Employee Value Propositions evolve to reduce time to hire and attrition

The war for talent rages on with, according to the latest Australian Bureau of Statistics release 470,900 job vacancies in Australia, which is a staggering 85% increase since November 2020. A recent LinkedIn survey estimates that the average time to hire has also climbed to 40 days in this candidate driven market. In response, many employers are now turning their attention to their employee value proposition (EVP) to help differentiate their brand, reduce time to hire, decrease attrition and increase engagement.

There are a number of post-Covid factors still playing out in the employment market – a return of overseas workers will see some skill shortages fill but the aspirations of future employees may have changed forever and it’s only future focused employers that will attract the best people. 

Employees are increasingly looking for more than just compensation from their employer – the headline number will definitely get their attention but when they are weighing one employer over another, it’s what else that’s on offer that will have the final vote. On the surface this sounds like work life balance but, more holistically, it’s about your EVP.

Your EVP is the balance of rewards and benefits that your business offers its employees in return for performance. Its focus is to attract and retain employees and, in many businesses, has evolved beyond a focus on compensation to include wellness benefits because they attract – discounted gym memberships, access to mediation apps and learning support have been steadily increasing as part of EVPs over the last five years but there is a new pillar to the wellness structure of many companies EVPs – financial wellness.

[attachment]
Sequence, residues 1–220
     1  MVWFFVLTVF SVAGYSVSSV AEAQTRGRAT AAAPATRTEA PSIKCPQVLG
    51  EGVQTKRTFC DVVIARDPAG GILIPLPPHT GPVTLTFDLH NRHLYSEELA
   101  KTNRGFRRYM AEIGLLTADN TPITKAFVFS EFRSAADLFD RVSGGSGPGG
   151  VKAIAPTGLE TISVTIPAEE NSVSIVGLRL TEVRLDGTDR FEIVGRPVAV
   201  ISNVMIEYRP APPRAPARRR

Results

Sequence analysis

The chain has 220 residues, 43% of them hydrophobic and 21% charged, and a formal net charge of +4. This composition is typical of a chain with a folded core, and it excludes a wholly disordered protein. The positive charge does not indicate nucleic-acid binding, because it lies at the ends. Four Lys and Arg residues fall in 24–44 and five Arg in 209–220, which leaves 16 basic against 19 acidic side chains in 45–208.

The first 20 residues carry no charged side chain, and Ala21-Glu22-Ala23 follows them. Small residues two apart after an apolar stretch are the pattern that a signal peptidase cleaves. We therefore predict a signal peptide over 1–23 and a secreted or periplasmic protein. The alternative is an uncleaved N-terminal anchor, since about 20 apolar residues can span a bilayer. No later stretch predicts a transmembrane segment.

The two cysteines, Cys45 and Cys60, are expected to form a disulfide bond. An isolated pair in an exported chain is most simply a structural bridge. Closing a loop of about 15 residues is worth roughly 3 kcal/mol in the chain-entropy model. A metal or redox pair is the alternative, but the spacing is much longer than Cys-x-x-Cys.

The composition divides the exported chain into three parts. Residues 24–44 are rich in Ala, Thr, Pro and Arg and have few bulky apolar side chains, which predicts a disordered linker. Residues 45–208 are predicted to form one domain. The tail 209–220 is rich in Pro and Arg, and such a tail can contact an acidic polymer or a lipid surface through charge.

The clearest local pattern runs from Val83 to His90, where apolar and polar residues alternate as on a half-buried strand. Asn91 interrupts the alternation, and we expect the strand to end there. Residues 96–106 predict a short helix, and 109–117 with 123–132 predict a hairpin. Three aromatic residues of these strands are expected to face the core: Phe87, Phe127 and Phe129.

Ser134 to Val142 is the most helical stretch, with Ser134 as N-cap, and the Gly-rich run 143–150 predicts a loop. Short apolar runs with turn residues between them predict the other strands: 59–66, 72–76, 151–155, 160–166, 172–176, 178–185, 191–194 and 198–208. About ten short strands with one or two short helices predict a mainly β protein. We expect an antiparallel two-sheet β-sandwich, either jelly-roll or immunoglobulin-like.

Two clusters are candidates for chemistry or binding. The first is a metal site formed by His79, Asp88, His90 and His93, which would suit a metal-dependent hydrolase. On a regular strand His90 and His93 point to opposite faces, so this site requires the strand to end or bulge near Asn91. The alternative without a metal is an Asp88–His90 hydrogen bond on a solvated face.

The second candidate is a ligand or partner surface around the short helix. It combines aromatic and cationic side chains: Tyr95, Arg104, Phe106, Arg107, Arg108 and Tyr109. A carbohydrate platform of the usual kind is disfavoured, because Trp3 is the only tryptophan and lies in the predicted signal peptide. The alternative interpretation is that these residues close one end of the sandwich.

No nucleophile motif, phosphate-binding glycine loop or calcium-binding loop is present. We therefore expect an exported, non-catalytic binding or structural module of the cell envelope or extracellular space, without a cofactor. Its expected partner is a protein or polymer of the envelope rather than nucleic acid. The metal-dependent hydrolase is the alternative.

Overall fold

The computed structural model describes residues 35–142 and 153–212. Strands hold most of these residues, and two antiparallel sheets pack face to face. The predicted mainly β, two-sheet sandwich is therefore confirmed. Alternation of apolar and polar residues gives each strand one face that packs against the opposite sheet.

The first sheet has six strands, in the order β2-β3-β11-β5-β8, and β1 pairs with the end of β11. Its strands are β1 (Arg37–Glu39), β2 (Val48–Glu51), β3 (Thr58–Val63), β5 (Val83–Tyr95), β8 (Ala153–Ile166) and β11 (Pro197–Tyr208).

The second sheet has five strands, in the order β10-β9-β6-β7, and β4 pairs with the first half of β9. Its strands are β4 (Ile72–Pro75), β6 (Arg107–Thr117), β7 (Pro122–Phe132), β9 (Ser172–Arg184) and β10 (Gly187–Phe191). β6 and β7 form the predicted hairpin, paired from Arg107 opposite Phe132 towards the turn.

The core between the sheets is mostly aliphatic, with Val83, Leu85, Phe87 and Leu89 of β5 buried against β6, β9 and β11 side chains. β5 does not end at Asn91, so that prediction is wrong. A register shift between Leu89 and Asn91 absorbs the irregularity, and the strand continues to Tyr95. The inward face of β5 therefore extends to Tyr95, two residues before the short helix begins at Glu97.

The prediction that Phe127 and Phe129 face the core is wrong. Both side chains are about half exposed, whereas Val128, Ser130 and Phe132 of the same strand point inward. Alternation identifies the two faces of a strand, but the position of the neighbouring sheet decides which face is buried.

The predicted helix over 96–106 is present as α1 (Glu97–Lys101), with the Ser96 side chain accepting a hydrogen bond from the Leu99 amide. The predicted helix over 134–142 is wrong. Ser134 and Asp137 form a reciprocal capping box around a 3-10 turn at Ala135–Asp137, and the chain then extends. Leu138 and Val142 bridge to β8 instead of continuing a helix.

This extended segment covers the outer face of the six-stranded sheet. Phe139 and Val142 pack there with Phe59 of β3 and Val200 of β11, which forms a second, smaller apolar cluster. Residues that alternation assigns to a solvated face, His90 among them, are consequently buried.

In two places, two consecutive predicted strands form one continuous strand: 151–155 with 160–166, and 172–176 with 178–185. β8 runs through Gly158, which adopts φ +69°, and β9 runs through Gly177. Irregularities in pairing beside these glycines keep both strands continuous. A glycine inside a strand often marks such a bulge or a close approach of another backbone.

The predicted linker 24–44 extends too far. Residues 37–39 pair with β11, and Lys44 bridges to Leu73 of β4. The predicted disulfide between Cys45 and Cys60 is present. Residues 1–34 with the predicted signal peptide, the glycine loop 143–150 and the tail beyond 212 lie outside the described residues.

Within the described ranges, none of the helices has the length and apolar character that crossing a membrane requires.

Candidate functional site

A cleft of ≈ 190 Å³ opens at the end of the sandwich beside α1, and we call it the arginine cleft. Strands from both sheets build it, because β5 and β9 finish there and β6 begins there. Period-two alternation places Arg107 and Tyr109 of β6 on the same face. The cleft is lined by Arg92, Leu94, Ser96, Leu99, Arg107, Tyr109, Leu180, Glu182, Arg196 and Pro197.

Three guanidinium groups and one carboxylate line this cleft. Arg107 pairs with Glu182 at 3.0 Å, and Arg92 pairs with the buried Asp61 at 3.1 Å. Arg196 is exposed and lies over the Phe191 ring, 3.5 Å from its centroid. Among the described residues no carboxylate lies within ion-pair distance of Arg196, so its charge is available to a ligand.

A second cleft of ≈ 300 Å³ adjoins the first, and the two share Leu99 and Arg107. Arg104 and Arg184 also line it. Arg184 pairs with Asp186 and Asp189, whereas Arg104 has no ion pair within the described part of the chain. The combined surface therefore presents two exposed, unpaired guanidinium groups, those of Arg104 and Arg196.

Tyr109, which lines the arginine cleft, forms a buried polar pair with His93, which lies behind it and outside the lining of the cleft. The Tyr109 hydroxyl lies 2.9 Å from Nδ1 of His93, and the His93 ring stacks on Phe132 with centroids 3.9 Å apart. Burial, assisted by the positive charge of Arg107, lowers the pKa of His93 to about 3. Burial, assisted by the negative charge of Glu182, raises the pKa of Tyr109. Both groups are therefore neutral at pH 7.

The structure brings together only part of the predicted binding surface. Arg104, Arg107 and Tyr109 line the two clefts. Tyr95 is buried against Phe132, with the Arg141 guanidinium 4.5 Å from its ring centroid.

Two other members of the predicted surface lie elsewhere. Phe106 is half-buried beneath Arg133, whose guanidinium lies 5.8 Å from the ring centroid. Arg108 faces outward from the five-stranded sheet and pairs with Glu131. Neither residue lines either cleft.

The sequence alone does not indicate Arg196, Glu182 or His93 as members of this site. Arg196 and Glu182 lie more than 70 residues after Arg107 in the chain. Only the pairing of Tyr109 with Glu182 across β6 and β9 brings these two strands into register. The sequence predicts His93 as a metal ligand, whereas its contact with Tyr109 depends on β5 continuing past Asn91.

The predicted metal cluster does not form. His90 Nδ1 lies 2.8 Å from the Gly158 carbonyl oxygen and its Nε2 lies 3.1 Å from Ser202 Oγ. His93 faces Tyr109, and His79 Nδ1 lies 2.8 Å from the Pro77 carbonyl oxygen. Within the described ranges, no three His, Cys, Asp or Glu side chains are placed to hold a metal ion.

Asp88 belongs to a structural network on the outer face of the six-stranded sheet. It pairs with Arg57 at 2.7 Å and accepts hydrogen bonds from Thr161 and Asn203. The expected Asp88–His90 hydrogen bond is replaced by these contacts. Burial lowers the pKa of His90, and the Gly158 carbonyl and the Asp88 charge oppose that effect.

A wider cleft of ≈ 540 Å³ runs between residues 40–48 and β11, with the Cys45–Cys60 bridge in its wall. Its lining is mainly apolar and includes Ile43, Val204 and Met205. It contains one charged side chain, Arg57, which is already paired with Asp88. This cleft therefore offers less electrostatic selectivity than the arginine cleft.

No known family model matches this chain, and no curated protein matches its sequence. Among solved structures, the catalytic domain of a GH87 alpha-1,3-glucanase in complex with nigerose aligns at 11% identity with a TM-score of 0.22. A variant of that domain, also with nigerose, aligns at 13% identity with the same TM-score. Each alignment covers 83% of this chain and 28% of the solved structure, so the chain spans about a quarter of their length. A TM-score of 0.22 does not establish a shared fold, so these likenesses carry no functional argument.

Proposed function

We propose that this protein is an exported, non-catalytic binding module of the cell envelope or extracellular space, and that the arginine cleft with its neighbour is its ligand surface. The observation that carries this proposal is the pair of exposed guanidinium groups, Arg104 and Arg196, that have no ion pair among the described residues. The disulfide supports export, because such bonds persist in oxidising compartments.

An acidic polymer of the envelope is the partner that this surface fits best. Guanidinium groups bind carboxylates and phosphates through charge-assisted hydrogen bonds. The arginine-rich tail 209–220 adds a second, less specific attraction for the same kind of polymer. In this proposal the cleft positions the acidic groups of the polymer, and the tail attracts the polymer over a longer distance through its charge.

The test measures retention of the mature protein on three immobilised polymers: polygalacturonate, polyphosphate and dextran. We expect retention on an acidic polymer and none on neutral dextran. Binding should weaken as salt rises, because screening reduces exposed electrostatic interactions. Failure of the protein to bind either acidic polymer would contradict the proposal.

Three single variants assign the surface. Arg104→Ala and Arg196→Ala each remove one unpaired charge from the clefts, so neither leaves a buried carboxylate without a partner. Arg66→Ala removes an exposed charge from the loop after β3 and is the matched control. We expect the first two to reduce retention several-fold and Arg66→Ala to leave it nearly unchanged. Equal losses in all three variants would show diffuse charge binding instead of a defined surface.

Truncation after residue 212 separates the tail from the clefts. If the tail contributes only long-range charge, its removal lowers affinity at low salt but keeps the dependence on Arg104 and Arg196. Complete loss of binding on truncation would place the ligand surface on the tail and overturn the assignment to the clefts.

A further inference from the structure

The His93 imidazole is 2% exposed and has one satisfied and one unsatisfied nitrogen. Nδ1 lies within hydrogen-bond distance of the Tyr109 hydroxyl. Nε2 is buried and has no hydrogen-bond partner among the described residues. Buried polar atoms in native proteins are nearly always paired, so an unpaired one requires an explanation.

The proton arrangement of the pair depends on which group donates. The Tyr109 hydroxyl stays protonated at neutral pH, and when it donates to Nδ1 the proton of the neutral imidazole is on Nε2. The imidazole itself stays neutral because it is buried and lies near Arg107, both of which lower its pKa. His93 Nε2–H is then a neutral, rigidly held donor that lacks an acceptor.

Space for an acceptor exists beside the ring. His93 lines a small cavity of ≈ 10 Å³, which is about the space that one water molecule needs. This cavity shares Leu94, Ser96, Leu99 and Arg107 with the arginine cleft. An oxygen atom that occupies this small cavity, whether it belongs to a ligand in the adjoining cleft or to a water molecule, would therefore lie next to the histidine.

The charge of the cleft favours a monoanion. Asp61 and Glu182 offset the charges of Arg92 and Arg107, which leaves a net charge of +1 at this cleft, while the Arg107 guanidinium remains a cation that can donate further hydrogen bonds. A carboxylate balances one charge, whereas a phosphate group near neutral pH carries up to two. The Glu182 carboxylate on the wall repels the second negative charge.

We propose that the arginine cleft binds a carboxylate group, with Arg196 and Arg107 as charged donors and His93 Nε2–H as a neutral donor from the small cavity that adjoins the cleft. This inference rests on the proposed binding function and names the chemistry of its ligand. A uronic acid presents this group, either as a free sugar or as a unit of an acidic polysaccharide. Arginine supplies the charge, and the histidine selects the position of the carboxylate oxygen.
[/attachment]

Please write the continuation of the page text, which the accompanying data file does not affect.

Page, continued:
“Financial wellness as a benefit, or financial wellbeing as we call it in Australia, has taken some time to get the attention of employers because of the general stigma attached to talking about money,” said Rae Davis, Co-Founder of the Financial Wellbeing Company.

“That has definitely changed for a number of reasons – recent economic conditions have brought personal finances to the forefront of everyone’s mind because there is only a small percentage of the population that hasn’t been impacted by post covid prices, rising inflation and the sudden spike in interest rates. But it’s also become a focus for employers because of the cost to their business by ignoring it.” said Davis.

According to recent figures from AMP, that cost is a high one – $66.8bn is the annual cost to Australian businesses because of employee distraction, lost motivation and productivity caused by financial stress. 21% of employees admitted that their productivity has fallen as a result of financial stress, an estimated 12 hours a week lost to ‘presenteeism’ with employees working at lower productivity levels due to the effects of financial stress and 27% of women have reported feeling financially stressed during the working day.